Is 5000 Steps a day good for weight Loss?

Walking is one of the easiest and most accessible forms of exercise. It requires no equipment other than a good pair of shoes and can be done anywhere at any time. For many people looking to improve their health and lose weight, the question often arises: is 5000 steps a day enough for weight loss?

What are the Current Step Recommendations?

Most fitness trackers and health organizations recommend getting in at least 10,000 steps per day for general health. Here are the step count recommendations from various authorities:

  • The American Heart Association recommends at least 7,000-10,000 steps daily.
  • The Centers for Disease Control and Prevention (CDC) suggests 8,000-10,000 steps for heart health.
  • Fitbit sets 10,000 as the default goal for most users.
  • Apple Watch suggests closing your exercise ring by hitting a calorie burn goal, which often equates to 300-400 calories burned through steps – typically around 3 miles of walking or 7,000-9,000+ steps.

So while 10,000 steps per day is commonly recommended, most experts agree that anywhere from 7,000-9,000+ daily steps is ideal for supporting overall health.

Can You Lose Weight with 5,000 Steps?

While 10,000 steps is the gold standard, is 5,000 steps a day enough to help you lose weight? The answer depends on a few factors:

1. Your Current Activity Level

If you are currently very sedentary, increasing to 5,000 steps daily can make a difference. It may not lead to weight loss on its own, but getting more physical activity in versus sitting for prolonged periods can help burn extra calories and is a step in the right direction.

2. Your Goals

For most people looking to lose a significant amount of weight, 5,000 steps is likely not enough on its own. However, if your goals are more modest, such as losing 5-10 pounds, then 5,000 daily steps may help you achieve that when paired with a healthy diet.

3. How Much You Walk Each Day Currently

If you normally walk 1,000 steps or fewer per day, ramping up to 5,000 steps will burn more energy and could lead to some weight loss, especially if you also make dietary changes. But for those already used to 5,000+ steps, this amount may just maintain your current weight rather than lead to loss.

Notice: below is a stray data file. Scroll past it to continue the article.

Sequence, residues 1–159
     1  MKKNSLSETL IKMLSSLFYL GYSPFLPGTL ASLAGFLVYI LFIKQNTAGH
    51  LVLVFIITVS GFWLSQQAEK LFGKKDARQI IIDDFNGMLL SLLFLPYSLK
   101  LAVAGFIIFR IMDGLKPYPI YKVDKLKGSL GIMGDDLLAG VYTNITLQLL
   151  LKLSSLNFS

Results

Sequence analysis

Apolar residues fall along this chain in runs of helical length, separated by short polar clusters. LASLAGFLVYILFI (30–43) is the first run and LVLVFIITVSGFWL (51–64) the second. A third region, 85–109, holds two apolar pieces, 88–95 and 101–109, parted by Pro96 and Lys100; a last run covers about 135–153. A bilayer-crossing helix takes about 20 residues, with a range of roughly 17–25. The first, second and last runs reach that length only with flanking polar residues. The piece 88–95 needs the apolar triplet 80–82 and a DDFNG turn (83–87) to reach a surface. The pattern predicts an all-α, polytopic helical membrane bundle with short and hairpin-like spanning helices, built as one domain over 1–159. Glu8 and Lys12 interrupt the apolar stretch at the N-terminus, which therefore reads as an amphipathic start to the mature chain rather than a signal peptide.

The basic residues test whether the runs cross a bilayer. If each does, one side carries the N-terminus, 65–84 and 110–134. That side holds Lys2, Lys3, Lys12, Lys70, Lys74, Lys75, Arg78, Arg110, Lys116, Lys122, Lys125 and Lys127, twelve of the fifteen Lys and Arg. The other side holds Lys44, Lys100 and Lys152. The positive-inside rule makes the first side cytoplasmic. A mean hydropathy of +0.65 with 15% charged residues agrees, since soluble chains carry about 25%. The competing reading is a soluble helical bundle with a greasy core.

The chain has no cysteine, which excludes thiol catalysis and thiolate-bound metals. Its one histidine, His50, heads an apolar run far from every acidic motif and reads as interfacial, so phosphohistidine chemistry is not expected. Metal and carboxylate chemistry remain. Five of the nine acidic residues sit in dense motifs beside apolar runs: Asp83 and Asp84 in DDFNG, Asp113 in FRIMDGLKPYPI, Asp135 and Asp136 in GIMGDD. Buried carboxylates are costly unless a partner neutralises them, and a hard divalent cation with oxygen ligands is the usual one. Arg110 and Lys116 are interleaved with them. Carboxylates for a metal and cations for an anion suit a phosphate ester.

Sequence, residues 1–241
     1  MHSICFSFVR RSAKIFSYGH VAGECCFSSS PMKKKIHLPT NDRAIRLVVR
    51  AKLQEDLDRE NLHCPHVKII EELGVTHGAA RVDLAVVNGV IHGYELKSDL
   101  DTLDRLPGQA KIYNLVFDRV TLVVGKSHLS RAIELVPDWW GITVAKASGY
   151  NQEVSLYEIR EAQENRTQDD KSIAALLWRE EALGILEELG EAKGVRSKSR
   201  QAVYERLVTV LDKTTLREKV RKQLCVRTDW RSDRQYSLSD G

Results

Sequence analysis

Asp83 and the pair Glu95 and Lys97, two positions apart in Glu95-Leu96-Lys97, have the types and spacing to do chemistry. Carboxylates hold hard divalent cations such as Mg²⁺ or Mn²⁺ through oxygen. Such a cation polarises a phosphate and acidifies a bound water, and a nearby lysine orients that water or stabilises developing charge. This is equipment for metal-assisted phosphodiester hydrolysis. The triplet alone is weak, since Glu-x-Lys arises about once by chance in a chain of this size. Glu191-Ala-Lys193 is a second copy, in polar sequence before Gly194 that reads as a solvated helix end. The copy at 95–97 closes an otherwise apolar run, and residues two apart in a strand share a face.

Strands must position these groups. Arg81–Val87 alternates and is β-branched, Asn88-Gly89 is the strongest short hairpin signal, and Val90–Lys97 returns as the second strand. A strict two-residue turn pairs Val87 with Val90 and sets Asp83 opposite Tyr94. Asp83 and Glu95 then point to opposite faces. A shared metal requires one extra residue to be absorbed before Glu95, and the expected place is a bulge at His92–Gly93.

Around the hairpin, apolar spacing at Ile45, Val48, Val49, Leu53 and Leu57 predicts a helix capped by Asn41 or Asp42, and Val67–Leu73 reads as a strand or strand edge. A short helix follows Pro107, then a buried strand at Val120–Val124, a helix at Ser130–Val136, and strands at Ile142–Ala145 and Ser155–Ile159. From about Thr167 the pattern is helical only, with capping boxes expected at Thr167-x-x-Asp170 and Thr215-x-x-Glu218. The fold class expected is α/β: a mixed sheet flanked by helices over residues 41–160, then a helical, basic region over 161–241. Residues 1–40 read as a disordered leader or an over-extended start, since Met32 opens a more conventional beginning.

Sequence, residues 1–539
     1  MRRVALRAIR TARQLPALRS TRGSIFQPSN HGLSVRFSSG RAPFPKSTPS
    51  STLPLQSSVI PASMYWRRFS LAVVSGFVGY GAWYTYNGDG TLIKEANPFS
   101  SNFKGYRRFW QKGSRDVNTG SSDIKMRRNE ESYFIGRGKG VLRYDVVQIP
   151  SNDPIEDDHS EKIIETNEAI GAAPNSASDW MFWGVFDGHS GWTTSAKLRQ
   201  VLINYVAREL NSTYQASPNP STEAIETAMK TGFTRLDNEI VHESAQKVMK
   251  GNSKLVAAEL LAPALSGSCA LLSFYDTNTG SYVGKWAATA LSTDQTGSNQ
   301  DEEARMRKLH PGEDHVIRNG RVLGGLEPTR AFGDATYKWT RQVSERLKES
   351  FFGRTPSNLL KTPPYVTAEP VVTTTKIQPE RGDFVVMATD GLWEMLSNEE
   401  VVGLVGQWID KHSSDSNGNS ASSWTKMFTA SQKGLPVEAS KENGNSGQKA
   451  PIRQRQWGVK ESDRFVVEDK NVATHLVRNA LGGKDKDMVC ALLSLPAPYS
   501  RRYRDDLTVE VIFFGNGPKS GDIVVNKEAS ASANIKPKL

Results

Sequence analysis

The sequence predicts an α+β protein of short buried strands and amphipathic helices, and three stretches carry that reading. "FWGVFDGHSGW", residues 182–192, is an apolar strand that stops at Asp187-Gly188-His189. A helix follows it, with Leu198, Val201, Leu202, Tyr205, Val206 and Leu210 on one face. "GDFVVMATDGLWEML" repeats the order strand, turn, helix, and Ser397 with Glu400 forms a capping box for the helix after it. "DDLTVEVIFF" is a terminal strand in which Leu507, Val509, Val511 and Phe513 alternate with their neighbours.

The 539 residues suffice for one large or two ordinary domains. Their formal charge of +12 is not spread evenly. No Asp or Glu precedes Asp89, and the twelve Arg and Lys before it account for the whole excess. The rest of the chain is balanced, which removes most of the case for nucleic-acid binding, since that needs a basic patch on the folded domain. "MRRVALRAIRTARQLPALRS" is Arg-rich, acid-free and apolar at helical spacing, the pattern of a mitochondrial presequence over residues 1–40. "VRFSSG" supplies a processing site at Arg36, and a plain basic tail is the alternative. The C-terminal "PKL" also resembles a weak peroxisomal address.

4. Your Caloric Intake

No amount of steps alone will result in weight loss if your caloric intake remains the same. To lose weight, you need to burn more calories than you consume through a combination of activity and dietary changes. 5,000 steps equates to around 2-3 miles of walking, which burns 100-200 calories. Without reducing your normal caloric consumption, this amount of steps will not create the 3,500+ calorie deficit needed per week to see weight loss on the scale.

How Many Calories Do 5,000 Steps Burn?

On average, 5,000 steps will burn around 100-200 calories. However, this varies based on:

  • Your weight – Heavier individuals burn more calories per step.
  • Intensity – Brisk walking burns more calories than casual strolling.
  • Incline – Walking uphill burns more than walking on flat terrain.

A 150 pound person will burn around 100 calories with 5,000 steps. Heavier persons can burn closer to 125-150 calories. Adding in hills or walking at a brisk pace can also increase calorie burn to 200+ calories.

But while it’s not insignificant, an extra 100-200 calories per day is unlikely to lead to weight loss on its own. Reducing daily caloric intake or increasing steps would be required.

How Much Walking is Needed Per Day to Lose Weight?

Most research suggests that getting at least 7,000-9,000 steps per day is needed to see weight loss without making any dietary changes:

  • A study in the Journal of Physical Activity and Health found that overweight women who walked 7,000 to 10,000 steps per day for 6 months lost an average of 10 pounds without dieting.
  • Another study in Japan showed that participants who walked 8,000 – 11,000 steps per day for a year lowered their BMI and body fat percentage compared to those walking 5,000 steps or less daily.